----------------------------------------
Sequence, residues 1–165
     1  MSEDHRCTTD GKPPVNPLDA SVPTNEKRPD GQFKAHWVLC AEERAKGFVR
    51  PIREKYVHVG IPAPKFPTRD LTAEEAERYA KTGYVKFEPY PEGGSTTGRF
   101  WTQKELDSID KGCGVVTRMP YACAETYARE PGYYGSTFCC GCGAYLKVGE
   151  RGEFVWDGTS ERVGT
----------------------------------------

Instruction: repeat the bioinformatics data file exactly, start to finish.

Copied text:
Sequence, residues 1–165
     1  MSEDHRCTTD GKPPVNPLDA SVPTNEKRPD GQFKAHWVLC AEERAKGFVR
    51  PIREKYVHVG IPAPKFPTRD LTAEEAERYA KTGYVKFEPY PEGGSTTGRF
   101  WTQKELDSID KGCGVVTRMP YACAETYARE PGYYGSTFCC GCGAYLKVGE
   151  RGEFVWDGTS ERVGT